If food were art, the Norton Museum has become more of a tapas bar than a full-service restaurant. Working with abbreviated gallery space while the rest of the museum is under renovation, the Norton has eschewed large-scale, multiroom shows in favor of “Spotlight” exhibitions like its newly opened “French Connections,” which showcases the work of five French photographers, past and present. Like many small plates, it satisfies but also leaves you hungry for more—namely for a massive survey of French photography, the kind that could consume an entire floor.
For now (and for free, which certainly helps!), we have “French Connections,” a small show by anyone’s estimation, but one with nary a dud on the wall. Historic French photography is best represented here by Eugene Atget, a documentarian of street life sans the living: People never show up in the Norton’s Atget selections, unless you count the mannequins communing in “Storefront Window Reflection.”
Under Atget’s camera eye, the trees in the Parisian parks are always naked, the boats in the shipyard placidly docked, and the cafes are closed for business. In light of recent terrorist attacks in Western Europe, Atget’s early 20th century black-and-whites—elegantly printed by Man Ray’s assistant, Berenice Abbott—take on the solemn air of a nation in mourning. Yet there’s an equal amount of beauty in the absence, each image composed like a landscape artist’s carefully tended still-life.
Post-WWII American street photographer Erika Stone, on the other hand, focused her images of the City of Light on its many denizens. And this section of “French Connections” is arguably the most iconically Francophilian, from a man asleep on a park bench, complete with beret and winter coat; to an elderly resident glaring out a window while children pose for the camera in the spaces between potted plants; to an image cloaked in noirish light, a lone figure walking amongst the gutter water and classic architecture.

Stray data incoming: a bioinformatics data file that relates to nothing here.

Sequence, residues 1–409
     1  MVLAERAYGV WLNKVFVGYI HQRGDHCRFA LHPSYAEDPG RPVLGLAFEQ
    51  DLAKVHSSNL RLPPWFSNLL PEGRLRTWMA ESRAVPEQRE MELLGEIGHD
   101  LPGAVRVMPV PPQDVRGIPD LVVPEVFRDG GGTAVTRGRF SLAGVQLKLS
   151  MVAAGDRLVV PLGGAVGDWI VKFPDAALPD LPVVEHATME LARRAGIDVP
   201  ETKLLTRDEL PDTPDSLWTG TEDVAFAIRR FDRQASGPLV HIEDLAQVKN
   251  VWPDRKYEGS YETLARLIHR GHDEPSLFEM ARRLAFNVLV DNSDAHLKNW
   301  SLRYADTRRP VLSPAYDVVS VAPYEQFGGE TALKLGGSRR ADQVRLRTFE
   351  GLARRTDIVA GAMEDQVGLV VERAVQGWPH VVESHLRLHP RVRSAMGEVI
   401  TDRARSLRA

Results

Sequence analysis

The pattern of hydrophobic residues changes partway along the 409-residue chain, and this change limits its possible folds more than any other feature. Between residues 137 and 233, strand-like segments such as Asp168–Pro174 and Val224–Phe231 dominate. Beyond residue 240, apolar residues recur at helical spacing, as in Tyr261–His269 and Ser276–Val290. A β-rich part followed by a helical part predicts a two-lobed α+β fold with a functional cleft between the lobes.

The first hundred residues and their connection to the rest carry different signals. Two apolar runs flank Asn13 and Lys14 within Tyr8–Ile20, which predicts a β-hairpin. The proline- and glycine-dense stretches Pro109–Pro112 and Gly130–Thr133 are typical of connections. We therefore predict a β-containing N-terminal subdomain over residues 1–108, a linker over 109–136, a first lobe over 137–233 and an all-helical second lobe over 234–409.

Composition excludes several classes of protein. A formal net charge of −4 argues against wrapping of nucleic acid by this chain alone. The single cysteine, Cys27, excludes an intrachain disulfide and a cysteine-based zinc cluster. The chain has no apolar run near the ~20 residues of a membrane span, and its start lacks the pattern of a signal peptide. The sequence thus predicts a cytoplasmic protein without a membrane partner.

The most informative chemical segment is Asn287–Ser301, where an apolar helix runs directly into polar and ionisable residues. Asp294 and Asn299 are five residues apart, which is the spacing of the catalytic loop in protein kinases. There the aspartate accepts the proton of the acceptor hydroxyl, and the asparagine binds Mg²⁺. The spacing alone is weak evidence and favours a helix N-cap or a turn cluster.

From there, the exhibition slingshots to the present, with a pair of terrific works by the familial artist collective Les Soeurs Chevalme. Their subjects are urban street dancers, but it’s the form that rivals the content: The Chevalmes hand-stenciled patterns into the negatives before imposing the portrait on top, so each photograph is really two artworks that comment on each other. Note the way the designs on a breakdancer’s hooded sweatshirt play gently off the stenciled filigrees in “Santo Lazarus,” or the way the spaceman-like stenciled images of “Arouna” reflect the way its dancer seems to be leaping toward the stars.
Less successful in this “Spotlight” format is Valerie Belin’s one example from her “Moroccan Brides” series, not because the work isn’t powerful but because it yearns for more context. Additional prints of her Moroccan brides would have enhanced the artist’s vision for spectators unfamiliar with Belin’s work; on its own, the piece feels a bit marooned.
Saving the most impressive for last, Yasumasa Morimura’s 1990 masterpiece “Portrait” consumes an entire wall, and for good reason. The artist spent months painting and recreating the backdrop for this gender-bending deconstruction of Edouard Manet’s once-scandalous painting, “Olympia.” Manet was an Impressionist, but Morimura’s recreation is nothing if not expressive. He portrays both the lounging Caucasian prostitute and the black-skinned servant, fluidly merging male and female, white and black, artist and subject. The lines blur so much in this one photograp that they’re pretty much rendered nonexistent.
Like any great tapas dish, it inspires you to order more: In the New Norton, a Morimura career retrospective would be more than welcome.
The Norton is at 1451 S. Olive Ave., West Palm Beach. Admission is free. Call 561/832-5196 or visit Norton.org.